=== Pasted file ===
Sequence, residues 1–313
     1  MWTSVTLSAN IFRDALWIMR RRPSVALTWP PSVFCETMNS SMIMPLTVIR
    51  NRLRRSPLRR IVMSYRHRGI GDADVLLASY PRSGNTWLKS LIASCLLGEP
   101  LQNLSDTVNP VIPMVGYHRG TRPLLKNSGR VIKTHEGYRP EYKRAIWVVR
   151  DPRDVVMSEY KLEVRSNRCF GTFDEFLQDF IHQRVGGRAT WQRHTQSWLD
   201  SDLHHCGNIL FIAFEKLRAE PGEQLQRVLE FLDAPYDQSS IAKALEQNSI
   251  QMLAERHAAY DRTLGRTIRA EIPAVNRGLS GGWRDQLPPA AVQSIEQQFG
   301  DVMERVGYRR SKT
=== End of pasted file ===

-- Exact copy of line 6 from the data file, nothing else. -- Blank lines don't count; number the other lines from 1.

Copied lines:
   201  SDLHHCGNIL FIAFEKLRAE PGEQLQRVLE FLDAPYDQSS IAKALEQNSI